Northern Ireland have opposing players' names on training bibs ahead of Euro 2016 opener
By Paul Gilmour in Nice
Last Updated: 11/06/16 11:52am
Northern Ireland are preparing for their upcoming Euro 2016 games by using training bibs with the names of opposition players printed on them.
It is a method designed to give players a greater understanding of how Poland and Ukraine line up, while helping to improve tactical awareness.
The bibs, including one with Robert Lewandowski's name on the back, were spotted by the Sky Sports News HQ camera at the team base in Saint-George-de-Reneins on Friday.
Michael O'Neill and his football staff, including Jimmy Nicholl (assistant manager), Stephen Robinson (first team coach), Austin MacPhee (assistant coach) and Maik Taylor (goalkeeping coach) are widely appreciated among Northern Ireland players for their inventive and visual methods.
"What we want to do is make sure the players know they can learn in different ways," MacPhee told Sky Sports News HQ.
"The structure Michael has put in place has taken time and effort but we're now set on a process that we believe gives the players the best chance of success."
O'Neill and his staff have watched all the qualifying games of their Group C opponents, with MacPhee tasked with compiling detailed video dossiers. The players are shown specific examples highlighting the dangers of playing to the strengths of opposition players, but they are also shown potential weaknesses.
"It's very important we are not just telling them what to do but rather inform them of the reason we do it."
"We don't overload them with information but at the same time working on the opponents weaknesses can build confidence within your group."
They face the daunting prospect of trying to stop striker Lewandowski, who scored 42 goals for Bayern Munich this season.
"There are different ways you can deal with a world class player," said MacPhee.
"You can deal with him in the structure of your team or you can deal with him in a more individual man marking sense."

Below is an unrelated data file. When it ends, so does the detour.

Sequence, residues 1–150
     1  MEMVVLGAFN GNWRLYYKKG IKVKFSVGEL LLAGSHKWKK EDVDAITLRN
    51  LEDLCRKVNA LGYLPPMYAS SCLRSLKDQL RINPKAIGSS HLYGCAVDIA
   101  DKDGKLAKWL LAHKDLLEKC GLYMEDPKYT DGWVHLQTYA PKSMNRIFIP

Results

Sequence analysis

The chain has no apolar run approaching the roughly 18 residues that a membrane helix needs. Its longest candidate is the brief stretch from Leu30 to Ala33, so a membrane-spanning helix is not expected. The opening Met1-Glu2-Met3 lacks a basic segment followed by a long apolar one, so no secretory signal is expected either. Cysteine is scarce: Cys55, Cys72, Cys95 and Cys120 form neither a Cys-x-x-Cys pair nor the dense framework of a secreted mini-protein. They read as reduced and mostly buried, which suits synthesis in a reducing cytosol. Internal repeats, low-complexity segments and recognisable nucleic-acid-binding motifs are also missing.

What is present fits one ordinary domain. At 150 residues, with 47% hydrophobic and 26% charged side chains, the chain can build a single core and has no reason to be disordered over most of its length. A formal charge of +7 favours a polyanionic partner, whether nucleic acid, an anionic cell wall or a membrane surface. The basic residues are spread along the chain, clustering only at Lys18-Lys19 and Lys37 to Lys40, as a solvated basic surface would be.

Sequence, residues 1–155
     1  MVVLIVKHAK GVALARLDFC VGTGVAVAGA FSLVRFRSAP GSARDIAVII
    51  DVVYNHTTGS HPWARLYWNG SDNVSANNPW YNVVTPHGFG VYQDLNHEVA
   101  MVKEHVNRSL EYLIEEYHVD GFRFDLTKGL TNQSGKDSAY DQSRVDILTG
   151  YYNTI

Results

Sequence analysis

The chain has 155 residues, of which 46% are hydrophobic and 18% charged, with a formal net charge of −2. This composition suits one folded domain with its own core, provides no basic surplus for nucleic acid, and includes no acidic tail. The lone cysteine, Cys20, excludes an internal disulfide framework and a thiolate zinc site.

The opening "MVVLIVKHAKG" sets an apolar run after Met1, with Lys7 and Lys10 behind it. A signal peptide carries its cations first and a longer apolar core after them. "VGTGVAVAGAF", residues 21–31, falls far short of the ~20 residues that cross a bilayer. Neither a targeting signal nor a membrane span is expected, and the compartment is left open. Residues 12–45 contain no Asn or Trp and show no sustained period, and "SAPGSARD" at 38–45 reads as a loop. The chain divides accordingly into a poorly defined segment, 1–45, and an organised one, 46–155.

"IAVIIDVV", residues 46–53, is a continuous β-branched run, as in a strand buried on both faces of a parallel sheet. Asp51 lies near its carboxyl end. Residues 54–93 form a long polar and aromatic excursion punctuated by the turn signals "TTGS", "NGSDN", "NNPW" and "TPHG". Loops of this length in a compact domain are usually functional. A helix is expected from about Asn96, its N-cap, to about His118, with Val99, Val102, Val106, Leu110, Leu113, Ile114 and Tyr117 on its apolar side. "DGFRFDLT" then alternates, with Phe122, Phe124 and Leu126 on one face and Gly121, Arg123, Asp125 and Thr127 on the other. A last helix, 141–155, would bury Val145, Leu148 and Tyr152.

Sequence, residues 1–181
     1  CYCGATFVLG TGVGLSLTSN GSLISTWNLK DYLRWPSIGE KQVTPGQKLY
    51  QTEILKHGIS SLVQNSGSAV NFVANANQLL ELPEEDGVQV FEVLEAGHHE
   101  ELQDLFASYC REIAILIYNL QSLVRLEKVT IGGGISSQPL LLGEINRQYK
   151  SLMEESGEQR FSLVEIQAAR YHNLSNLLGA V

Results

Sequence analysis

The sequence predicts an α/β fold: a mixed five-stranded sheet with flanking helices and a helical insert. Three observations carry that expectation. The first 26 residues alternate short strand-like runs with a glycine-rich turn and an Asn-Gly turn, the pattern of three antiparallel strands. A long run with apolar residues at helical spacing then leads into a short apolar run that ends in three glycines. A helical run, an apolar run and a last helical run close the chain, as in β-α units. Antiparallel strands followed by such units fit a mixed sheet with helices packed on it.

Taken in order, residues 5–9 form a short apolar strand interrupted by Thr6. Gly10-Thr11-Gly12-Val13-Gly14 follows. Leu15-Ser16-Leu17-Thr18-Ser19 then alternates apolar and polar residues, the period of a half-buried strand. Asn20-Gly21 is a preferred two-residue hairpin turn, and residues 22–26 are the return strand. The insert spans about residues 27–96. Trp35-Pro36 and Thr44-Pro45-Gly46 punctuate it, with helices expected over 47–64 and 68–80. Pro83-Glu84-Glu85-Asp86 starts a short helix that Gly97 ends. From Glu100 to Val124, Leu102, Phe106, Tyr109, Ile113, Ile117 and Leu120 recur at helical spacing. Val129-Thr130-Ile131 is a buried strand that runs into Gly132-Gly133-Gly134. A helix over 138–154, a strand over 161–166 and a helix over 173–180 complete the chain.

"Alternatively you can identify the source and look at the service he gets, how he scores his goals and when he scores his goals. This is all information we know and ultimately Michael will make the decision. Over the last two years he's made a lot of really good decisions in the biggest games and got it right time and time again."
Meticulous preparation is a key strength of O'Neill and his team. Players are left in no doubt what their role is, both individually and collectively.
Paddy McNair, who has produced a series of impressive displays in the holding midfield role for Northern Ireland in recent friendly matches, is a firm believer in the visual methods. He regularly requests individual sessions to help improve his own performance.
"The analysis set up here is very similar (to Manchester United). I enjoy looking at clips and seeing what I'm doing right and what I'm doing wrong."
On Wednesday, one journalist from Poland asked Craig Cathcart to name Polish players other than Lewandowski. The Watford defender successfully offered an assured critique of other attacking players in their team.
That attention to detail has not been restricted to the football staff this week. The operations department surprised the players with messages from their families as they arrived in France for the tournament.
They also decorated the players bedrooms with celebratory images from the successful qualifying campaign, when Northern Ireland became the first pot five side to reach a major finals.
O'Neill, as a way of appreciation, invited IFA staff to a meal with the players on Monday night. Afterm he and captain Steven Davis made a short speech as the manager outlined their importance to the team.
Northern Ireland go into their opening Euro 2016 as the form side of the competing nations, boasting a 12-match unbeaten run.